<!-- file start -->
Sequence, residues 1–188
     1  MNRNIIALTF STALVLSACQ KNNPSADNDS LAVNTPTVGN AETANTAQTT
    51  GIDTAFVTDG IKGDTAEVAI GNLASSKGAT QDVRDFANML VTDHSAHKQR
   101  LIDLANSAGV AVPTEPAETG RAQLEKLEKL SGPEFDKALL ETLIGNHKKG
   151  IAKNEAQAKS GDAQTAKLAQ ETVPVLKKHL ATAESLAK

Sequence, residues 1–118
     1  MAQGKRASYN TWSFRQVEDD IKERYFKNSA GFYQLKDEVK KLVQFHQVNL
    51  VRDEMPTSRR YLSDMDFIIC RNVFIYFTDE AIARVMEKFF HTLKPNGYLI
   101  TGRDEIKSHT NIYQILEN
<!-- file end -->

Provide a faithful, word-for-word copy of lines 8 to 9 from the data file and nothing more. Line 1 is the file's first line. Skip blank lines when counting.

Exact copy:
    51  VRDEMPTSRR YLSDMDFIIC RNVFIYFTDE AIARVMEKFF HTLKPNGYLI
   101  TGRDEIKSHT NIYQILEN